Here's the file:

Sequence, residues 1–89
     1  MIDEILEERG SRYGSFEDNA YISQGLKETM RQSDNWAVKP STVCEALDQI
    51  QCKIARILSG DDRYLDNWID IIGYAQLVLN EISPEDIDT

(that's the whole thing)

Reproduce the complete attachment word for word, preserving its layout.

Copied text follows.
Sequence, residues 1–89
     1  MIDEILEERG SRYGSFEDNA YISQGLKETM RQSDNWAVKP STVCEALDQI
    51  QCKIARILSG DDRYLDNWID IIGYAQLVLN EISPEDIDT